Equisetum xferrissii (after Ferris), a cross between E. hye-male and E. laevigatum, is the most common of the many Eq-
uisetum hybrids. it is intermediate between the parents with the lower portion of the stems evergreen as in E. hyemale and the upper deciduous as in E. laevigatum. Lower stem and upper stem sheath configurations and colorations respectively tend to match the parents as well. This Equisetum is found throughout canada and the united states except for the consistently hot and humid lower southeastern states.
Equisetum fluviatile (of rivers and streams), the water horsetail or water pipes, is characterized by thick creeping rhizomes that wander about underwater or in muddy swamps. The deciduous aerial stems have small branches and mature at 2 to 3 ft. (60 to 90 cm). The species needs to be confined, but a container of "pipes" sunk into the border of a pond is certain to attract attention in Zones 1 to 8. it is not an appropriate choice for hot summer areas.
Equisetum laevigatum (smooth, polished), the smooth scouring rush, is a deciduous 2-ft. (60-cm) spreader and the only North American endemic. It is found in Zones 3 to 8 from mid-America westward. The ridges are smooth with black-trimmed green sheaths. Look for it in open, wet exposures.
Equisetum myriochaetum (numerous long hairs) offers a prehistoric experience with 15- to 24-ft. (4.5- to 8-m) tall spires carrying layers of feathery, horizontally drooping branches. While usually found in large conservatories, this species is reputedly hardy in Zones 9 to 11. Sopping wet soil, structural support, and wind protection would all be requirements.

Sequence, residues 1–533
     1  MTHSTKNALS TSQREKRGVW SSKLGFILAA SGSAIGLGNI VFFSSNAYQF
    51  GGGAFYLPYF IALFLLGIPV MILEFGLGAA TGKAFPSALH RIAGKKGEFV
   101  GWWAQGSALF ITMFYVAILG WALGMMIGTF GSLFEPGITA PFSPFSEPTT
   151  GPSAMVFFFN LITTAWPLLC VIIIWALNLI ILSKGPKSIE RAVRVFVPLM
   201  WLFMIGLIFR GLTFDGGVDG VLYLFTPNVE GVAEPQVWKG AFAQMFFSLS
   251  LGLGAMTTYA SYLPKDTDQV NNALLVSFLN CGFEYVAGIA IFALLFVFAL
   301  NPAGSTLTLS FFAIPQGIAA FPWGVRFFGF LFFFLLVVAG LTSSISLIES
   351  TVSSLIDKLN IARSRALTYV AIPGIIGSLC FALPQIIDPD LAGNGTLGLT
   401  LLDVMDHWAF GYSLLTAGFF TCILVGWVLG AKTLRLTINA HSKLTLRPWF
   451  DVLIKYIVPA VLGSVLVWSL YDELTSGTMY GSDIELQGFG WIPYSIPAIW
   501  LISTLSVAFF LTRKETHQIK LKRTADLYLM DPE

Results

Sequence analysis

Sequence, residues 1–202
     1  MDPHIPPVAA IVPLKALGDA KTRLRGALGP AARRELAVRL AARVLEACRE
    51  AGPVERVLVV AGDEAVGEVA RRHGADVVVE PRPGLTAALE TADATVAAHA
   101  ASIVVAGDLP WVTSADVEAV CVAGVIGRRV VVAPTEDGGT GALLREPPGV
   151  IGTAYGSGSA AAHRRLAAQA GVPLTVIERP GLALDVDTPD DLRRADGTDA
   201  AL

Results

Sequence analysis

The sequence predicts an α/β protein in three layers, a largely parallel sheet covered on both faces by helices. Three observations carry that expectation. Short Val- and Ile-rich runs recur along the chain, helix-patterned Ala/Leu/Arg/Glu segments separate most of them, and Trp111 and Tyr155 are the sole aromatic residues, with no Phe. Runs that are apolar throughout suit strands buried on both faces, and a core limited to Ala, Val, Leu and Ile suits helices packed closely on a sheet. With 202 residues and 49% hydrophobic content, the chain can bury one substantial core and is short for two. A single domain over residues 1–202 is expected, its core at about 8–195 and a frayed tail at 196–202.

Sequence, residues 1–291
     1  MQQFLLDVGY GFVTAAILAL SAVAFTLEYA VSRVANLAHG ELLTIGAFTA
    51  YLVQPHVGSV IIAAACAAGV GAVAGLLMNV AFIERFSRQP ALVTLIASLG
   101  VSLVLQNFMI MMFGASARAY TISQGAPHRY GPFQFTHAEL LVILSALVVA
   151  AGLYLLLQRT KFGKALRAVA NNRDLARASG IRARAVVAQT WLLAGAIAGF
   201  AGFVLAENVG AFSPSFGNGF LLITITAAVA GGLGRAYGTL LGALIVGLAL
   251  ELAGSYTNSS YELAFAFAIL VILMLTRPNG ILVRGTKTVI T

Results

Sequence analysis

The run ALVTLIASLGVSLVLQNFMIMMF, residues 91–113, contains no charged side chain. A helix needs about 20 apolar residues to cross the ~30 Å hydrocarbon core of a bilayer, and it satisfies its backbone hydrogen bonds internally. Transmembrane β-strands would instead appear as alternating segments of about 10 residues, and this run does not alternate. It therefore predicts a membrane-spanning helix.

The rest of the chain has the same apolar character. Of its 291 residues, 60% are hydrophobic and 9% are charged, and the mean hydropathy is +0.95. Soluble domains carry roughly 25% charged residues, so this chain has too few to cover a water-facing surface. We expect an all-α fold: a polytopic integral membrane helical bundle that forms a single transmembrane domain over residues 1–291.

Equisetum sylvaticum (of woods, sylvan), the woodland horsetail, is unusual in its preference for spreading throughout moist woods rather than the traditional inhospitable wet and exposed sites of other horsetails. Branches that subdivide (it is
Equisetum sylvaticum stands as a sentinel in the Jessen garden.
the only Equisetum to do this) extend in rather graceful whorls from square-cut rust-colored sheaths. In North America this 2-footer (60 cm) is native to Canada, dipping occasionally into the northern tier of the United States. Worldwide it is native to Europe, Asia, and Japan. Interested growers should give it a container, moisture, and shade in Zones 2 through cool summer 8.
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